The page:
Tuesday, January 17, 2012

The Pulled-Pork Problem...

So I thought I was being absolutely brilliant by planning pulled-pork sandwiches for this week's "unplugged" night. [My teenage daughter suggested that once a week we "unplug" - no phones, computers, TV's OR lights (that part's just an excuse to have candles) - and play games. It's awesome!] This week she'd invited many friends, and we had no idea how many would show up, so pulled pork was a natural. Easy, enough for any size crowd, great leftovers and everybody loves it. Perfect, right?

The best laid plans...

Problem Number 1: My local grocery store had no "4-5 lb." boneless pork shoulder roasts; the smallest I could get was 9 lbs. Oh well, the more leftovers the merrier, right?

Problem Number 2: A million different ways to cook it! My recipe called for using the slow-cooker. And while I do have an overly large crockpot, it's still not going to hold 9 lbs. One recipe says braise overnight, another says pan-sear then put in a dutch oven (which I do not own); many use a smoker or a charcoal grill (also don't have either of those). Then there's...

Problem Number 3: Cooking time. I seriously underestimated the amount of time this baby's gonna take to cook! (Luckily, I'm finding this out tonight; much better than tomorrow around Noon - right?) One recipe says 225 degrees for 1-1/2 to 2 hrs. a pound (so 14-18 hours???). Another says 300 degrees for 8 hours (does this cover larger roasts too?). And apparently, the meat is subject to its own timeline - there's no cut-and-dry like there is for turkey. Dang it!

With no time to change my meal plan, I have done some serious research. I have now perused twenty different pulled-pork recipes and have formulated my plan of attack:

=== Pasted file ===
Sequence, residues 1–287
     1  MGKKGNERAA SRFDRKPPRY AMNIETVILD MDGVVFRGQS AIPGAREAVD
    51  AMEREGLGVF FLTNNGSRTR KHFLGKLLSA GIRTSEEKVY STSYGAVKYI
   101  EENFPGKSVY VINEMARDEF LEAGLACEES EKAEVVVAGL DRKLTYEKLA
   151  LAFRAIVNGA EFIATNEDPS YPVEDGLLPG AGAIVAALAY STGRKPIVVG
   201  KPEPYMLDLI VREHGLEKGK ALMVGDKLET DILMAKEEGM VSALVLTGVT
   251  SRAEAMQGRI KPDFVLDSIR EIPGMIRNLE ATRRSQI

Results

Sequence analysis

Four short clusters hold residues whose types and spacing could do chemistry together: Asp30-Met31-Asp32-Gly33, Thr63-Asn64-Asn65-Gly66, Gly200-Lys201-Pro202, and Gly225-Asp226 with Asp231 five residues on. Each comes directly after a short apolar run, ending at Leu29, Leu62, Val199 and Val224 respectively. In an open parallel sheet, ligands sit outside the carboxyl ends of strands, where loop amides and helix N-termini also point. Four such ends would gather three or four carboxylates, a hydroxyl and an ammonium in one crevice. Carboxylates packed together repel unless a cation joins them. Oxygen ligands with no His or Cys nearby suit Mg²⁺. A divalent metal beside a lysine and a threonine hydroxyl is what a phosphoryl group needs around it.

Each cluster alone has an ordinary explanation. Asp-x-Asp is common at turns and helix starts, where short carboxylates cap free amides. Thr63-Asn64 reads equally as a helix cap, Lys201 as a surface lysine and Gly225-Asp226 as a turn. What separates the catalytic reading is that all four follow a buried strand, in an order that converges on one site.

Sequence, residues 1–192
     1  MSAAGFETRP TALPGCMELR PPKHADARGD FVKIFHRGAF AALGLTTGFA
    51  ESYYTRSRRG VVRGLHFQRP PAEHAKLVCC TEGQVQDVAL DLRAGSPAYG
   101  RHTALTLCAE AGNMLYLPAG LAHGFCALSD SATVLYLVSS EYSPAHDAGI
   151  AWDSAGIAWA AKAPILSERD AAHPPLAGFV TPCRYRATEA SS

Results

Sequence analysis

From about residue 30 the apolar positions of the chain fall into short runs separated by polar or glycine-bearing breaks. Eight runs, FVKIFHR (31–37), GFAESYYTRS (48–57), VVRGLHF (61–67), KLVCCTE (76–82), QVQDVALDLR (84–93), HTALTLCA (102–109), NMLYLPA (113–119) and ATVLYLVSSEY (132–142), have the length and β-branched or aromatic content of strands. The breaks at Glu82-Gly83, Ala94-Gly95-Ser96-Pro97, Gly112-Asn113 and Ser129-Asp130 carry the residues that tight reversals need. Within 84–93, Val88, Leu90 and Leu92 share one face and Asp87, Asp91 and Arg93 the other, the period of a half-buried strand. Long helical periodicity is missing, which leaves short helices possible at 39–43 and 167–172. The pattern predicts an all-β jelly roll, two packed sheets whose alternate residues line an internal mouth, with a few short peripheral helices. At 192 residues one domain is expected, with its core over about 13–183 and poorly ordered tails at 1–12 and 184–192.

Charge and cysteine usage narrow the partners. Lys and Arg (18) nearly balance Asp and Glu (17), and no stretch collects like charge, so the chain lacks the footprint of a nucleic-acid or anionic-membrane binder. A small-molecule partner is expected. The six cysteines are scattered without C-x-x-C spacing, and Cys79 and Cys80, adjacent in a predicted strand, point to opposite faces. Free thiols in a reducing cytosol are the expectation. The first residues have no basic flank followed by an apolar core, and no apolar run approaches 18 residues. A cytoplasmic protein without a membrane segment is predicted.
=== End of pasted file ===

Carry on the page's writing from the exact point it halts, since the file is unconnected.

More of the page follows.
Solution Number 1: Use my hubby! "Honey, this has to cook all day and I don't like to get up before Noon. Will you put it in the oven when you leave for work?" (It looked better when I dotted all of my "I's" with hearts - jk!)

Solution Number 2: I have learned to make KILLER ribs - seriously, fall-off-the-bone melt-in-your-mouth ribs. I shall apply what I have learned to this cut of pork. Oh yes I will!

Solution Number 3: A wing and a prayer!

Since we do ribs a lot, I already had my trusty "rib rub" at the ready.

It's my proprietary blend, but it includes the usual stuff: some brown sugar, various chili powders, herbs, etc. (If you're really interested, post & I'll share, but for now it's kind of long and I want to knock this post out.)

Since foil big enough for this monster roast simply doesn't exist, I'll use my tried-n-true "dollar store foil pan" lining my roasting pan solution (it makes for zero clean-up - a huge plus in my cookbook).
Just look at this bad boy (that's a Full-Size roasting pan, folks):
I'm still going to wrap it in foil - tightly - but that's for "steaming" purposes, not for liquid containment. [Notice the box of wine in the background - it's a requirement; according to Julia Child: "I enjoy cooking with wine. Sometimes I even put it in the food I'm cooking."]

Covering it in dry-rub, heavily, both sides, then making sure it's "fatty" side up:

Now I'll wrap it as tightly as I can in the foil (using a second sheet on top), leaving a little "funnel" at one end to pour the braise in in the a.m.

I'm leaving the braise and the start to hubby when he leaves for work. I'm going with 250 degrees pretty much all day. Stay tuned for how this all turns out...

No comments:

Post a Comment